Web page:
I’ve had more inquiries about this shoe than almost every other pair I’ve previously reviewed… so here it is, the Nike Zoom Hyperenforcer’s full Performance Review.
Hit the jump for more…
Traction – While herringbone is abundant, it wasn’t the best use of the pattern. Most of the surface was great – as expected – however, the section beneath the ball of the foot was flat in shape instead of being peaked ‘^’ so there was some unwanted slipping when moving quickly around screens or performing crossovers. The slipping wasn’t enough to make me fall but it was enough to delay my reaction time which wasn’t something that I had anticipated.
Cushion – The cushion is exactly the same as previous models within the Hyperfuse family. Forefoot Zoom Air and a Phylon midsole made for a comfortable and responsive ride, something a Guard or fast moving Forward would appreciate. There is some break-in time required with the midsole itself but once that’s taken care of its pretty much smooth sailing from there on out.
Material – The overall materials are nice but there is quite a bit of break-in time needed in order for you to enjoy the shoe completely. Once the break-in process is complete then there are no issues to be found with the materials themselves. Having Fuse and Flywire together isn’t 100% necessary – in my opinion – so it would have been nice to have one or the other instead of both. One thing you can always count on with a Fuse based model is their durability… you can’t go wrong with a shoe that can take a beating and keep on going as if it were nothing.
Fit – I had to go ½ size up – as I have with most other Fuse models – but other than that the fit was great. The heel offers near perfect lockdown while the midfoot is the most impressive with the almost independent lacing design. Each Flywire section acts as fingers to harness your foot into place for an almost custom-like fit. I would more than welcome this type of lacing structure if they decide to use it again.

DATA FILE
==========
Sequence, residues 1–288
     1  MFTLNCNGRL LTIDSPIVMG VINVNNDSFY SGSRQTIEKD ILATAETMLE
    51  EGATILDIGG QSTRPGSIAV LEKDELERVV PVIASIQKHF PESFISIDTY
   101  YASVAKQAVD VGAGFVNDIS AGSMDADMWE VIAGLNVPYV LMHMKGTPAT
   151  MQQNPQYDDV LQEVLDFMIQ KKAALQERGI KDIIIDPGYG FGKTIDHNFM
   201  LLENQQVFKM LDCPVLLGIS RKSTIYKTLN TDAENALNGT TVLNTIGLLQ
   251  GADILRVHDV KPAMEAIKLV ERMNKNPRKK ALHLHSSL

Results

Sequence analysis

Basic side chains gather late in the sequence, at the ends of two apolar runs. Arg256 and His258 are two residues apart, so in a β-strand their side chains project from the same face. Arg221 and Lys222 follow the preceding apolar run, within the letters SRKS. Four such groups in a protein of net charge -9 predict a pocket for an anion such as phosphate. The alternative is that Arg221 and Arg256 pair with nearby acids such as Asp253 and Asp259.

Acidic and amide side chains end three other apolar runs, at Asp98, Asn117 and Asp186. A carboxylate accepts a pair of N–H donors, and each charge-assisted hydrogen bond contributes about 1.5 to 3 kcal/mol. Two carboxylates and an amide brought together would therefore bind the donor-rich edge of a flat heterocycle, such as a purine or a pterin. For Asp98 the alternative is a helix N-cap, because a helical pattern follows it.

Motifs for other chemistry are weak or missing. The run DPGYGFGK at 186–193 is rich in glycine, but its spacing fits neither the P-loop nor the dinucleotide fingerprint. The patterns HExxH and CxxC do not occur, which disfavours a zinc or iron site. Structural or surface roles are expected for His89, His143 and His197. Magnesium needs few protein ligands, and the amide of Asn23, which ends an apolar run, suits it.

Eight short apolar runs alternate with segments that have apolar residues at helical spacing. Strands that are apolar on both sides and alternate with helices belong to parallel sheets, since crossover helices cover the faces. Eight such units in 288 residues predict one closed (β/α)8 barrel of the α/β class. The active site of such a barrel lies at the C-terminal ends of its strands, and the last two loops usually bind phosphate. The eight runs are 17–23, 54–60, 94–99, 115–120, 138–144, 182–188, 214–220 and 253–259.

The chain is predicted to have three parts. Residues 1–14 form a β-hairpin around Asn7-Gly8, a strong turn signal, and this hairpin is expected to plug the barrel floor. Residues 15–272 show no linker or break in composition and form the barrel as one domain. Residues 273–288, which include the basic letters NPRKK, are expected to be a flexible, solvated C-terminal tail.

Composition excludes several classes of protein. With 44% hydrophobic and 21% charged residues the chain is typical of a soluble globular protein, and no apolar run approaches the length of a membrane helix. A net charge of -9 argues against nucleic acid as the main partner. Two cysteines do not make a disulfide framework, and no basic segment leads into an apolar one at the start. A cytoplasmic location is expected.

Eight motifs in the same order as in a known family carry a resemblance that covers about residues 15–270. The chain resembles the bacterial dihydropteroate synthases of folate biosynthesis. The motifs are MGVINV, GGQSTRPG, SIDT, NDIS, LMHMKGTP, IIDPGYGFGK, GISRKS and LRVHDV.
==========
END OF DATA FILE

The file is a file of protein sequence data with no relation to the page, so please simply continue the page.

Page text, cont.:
Ventilation – You wouldn’t expect the latest Fuse model to suffer in the ventilation department but that’s what ended up happening here. I thought the original Hyperfuse offered a good amount of ventilation along the upper and hoped these would have surpassed them. Unfortunately that wasn’t the case here as all of the open vents were covered along the interior with a thick – yet durable – lining. This resulted in more heat being trapped inside the shoe than the thick lining could handle. While it does offer above average ventilation, it wasn’t an upgrade in my eyes.
Support – There are TPU panels placed at the heel acting as an internal heel counter. This offered a great lockdown fit in the rear section of the shoe which is something that the original Fuse models needed. In addition to the heel cup, there is support ‘wings’ placed on the medial & lateral sides at the ankle. The wings offered additional stability and did limit range of motion a bit. Had they reversed the placement of the wings it would have restricted movement in the appropriate areas while offering support.
Overall – They are a good all-around shoe but they fell short in certain areas while excelling in others. For the price, you can probably find something better both within the Nike brand and outside of the brand as well.
For those of you who play outdoors, there is an outdoor version that features thicker materials for increased durability and an XDR outsole. The traction pattern is also outdoor specific on the outdoor model as well.
Traction – 8.5/10
Cushion – 7/10
Material – 8/10
Fit – 9.5/10
Ventilation – 7.5/10
Support – 7.5/10
Overall – 8/10